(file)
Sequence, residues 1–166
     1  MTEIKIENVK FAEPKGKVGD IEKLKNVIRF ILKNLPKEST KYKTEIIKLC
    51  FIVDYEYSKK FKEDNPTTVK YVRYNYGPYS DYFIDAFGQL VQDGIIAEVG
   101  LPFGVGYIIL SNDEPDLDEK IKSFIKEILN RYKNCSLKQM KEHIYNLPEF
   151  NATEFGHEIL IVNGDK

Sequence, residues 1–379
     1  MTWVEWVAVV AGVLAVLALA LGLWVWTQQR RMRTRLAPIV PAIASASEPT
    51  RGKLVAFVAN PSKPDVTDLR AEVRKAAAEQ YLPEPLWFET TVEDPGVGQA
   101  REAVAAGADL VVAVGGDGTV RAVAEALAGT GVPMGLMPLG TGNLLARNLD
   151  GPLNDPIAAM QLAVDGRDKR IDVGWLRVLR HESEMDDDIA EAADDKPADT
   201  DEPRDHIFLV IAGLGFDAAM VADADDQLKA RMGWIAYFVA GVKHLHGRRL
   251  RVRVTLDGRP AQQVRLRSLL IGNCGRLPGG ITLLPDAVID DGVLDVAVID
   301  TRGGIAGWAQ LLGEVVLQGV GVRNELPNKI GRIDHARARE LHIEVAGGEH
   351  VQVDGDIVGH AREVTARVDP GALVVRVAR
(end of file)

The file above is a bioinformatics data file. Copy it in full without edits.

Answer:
Sequence, residues 1–166
     1  MTEIKIENVK FAEPKGKVGD IEKLKNVIRF ILKNLPKEST KYKTEIIKLC
    51  FIVDYEYSKK FKEDNPTTVK YVRYNYGPYS DYFIDAFGQL VQDGIIAEVG
   101  LPFGVGYIIL SNDEPDLDEK IKSFIKEILN RYKNCSLKQM KEHIYNLPEF
   151  NATEFGHEIL IVNGDK

Sequence, residues 1–379
     1  MTWVEWVAVV AGVLAVLALA LGLWVWTQQR RMRTRLAPIV PAIASASEPT
    51  RGKLVAFVAN PSKPDVTDLR AEVRKAAAEQ YLPEPLWFET TVEDPGVGQA
   101  REAVAAGADL VVAVGGDGTV RAVAEALAGT GVPMGLMPLG TGNLLARNLD
   151  GPLNDPIAAM QLAVDGRDKR IDVGWLRVLR HESEMDDDIA EAADDKPADT
   201  DEPRDHIFLV IAGLGFDAAM VADADDQLKA RMGWIAYFVA GVKHLHGRRL
   251  RVRVTLDGRP AQQVRLRSLL IGNCGRLPGG ITLLPDAVID DGVLDVAVID
   301  TRGGIAGWAQ LLGEVVLQGV GVRNELPNKI GRIDHARARE LHIEVAGGEH
   351  VQVDGDIVGH AREVTARVDP GALVVRVAR